On "Powerhouse Politics," Reid touted the Silver State's diverse electorate, and he advocated for Nevada to move ahead in the primary calendar, taking the first contest position away from Iowa.
"Nevada is like the rest of the country. We're a diverse community," he said. "It should be the first state people come to test their viability."
The first two nominating states, Iowa and New Hampshire, are predominantly white, but Nevada is a majority-minority state with a nearly one-third Latinx population and 10% African American population. It is also home to one of the fastest-growing Asian American and Pacific Islander communities in the country.
More than 13,000 Dreamers and more than 4,000 Temporary Protected Status (TPS) recipients reside in the state. Nevada also has the largest organized labor presence of any early state, as 14% of its population are union members, according to the Nevada Democratic Party.
On Saturday, Reid participated in the first day of the Nevada Democrats' early voting, which he told Klein was "really simple." He also applauded adding the new option for voters as "really the right thing to do."
"We had some long lines, but ... I’m not really concerned about that. Why? Because people are wanting to vote," he said, adding that over 60% of voters who participated were either first-time caucus participants or first-time voters in general.
Between Saturday and Tuesday, voters could go to any open early voting location in the county in which they're registered to vote and fill out a ballot, ranking a minimum of three candidates and a maximum of five candidates, in lieu of participating in the traditional caucus.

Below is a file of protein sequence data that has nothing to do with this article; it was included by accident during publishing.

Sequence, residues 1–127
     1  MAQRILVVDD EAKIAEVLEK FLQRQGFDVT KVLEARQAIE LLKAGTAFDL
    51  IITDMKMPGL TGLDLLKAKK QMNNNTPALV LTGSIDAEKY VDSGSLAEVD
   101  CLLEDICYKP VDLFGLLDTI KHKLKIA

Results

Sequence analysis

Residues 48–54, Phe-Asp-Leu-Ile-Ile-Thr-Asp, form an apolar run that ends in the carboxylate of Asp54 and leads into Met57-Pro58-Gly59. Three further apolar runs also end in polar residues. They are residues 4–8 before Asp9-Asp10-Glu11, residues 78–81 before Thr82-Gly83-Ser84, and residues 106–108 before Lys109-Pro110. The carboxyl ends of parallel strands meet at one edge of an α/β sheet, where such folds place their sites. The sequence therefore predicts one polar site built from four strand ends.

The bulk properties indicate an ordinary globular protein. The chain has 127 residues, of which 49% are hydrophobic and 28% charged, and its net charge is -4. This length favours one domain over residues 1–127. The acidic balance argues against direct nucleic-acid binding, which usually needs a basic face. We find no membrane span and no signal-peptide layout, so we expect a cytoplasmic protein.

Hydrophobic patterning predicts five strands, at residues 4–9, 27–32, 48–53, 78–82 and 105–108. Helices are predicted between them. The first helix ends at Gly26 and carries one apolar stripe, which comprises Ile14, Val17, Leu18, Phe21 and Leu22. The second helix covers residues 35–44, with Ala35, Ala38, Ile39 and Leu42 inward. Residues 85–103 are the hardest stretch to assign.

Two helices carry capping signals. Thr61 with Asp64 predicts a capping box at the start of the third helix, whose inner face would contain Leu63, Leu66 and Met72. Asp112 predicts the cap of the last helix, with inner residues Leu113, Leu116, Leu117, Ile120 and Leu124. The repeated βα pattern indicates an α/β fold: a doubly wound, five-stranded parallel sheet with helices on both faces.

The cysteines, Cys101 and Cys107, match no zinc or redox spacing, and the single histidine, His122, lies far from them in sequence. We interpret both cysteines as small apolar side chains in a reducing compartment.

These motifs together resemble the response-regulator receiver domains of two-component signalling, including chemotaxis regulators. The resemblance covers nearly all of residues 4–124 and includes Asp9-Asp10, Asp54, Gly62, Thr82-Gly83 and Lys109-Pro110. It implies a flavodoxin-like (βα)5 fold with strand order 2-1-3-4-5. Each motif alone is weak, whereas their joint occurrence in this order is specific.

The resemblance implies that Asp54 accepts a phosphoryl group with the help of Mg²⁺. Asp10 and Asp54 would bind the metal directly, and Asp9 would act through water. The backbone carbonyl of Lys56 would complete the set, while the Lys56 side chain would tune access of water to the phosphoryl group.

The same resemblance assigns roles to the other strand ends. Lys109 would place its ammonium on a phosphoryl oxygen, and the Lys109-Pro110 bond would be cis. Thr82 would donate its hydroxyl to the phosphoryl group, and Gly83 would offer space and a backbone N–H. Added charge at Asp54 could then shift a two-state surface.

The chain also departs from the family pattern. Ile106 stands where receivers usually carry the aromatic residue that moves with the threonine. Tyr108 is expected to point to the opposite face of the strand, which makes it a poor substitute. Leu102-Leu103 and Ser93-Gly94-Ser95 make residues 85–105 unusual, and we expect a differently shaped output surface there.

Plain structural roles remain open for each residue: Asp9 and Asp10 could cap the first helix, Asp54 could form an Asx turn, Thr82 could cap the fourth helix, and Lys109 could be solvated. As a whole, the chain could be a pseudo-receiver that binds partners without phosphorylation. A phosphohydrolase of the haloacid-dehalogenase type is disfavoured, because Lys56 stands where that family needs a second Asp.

More than 70,000 Democrats participated in early voting, according to Molly Forgey, communications director for the Nevada Democratic Party. In the 2016 Democratic caucus, only 84,000 people total participated.
Staying true to not publicly favoring any one candidate, Reid ranked "uncommitted" three times on his ballot.
A total of 36 pledged delegates are at stake in Nevada on Saturday, and Reid said he thinks any of the candidates vying for the Democratic nomination could beat President Donald Trump.
"Two months ago, Trump was amoral. Today he’s amoral," he told Klein. "He's a man who has done such damage to our country, and frankly, our standing in the world community. He is a man that is dangerous for so many different reasons."
However, the former majority leader cautioned that Democrats "can’t take for granted that Trump will lose."
He added, "He could win, and we have to be vigilant and make sure we do everything, and that the man is not reelected."
He said any of the Democrats running who want to be president will "thump Trump."
"I repeat, we will thump Trump," Reid said.
Powerhouse Politics podcast is a weekly program that posts every Wednesday, and includes headliner interviews and in-depth looks at the people and events shaping U.S. politics. Powerhouse Politics podcast is hosted by ABC News Chief White House Correspondent Jonathan Karl and ABC News Political Director Rick Klein.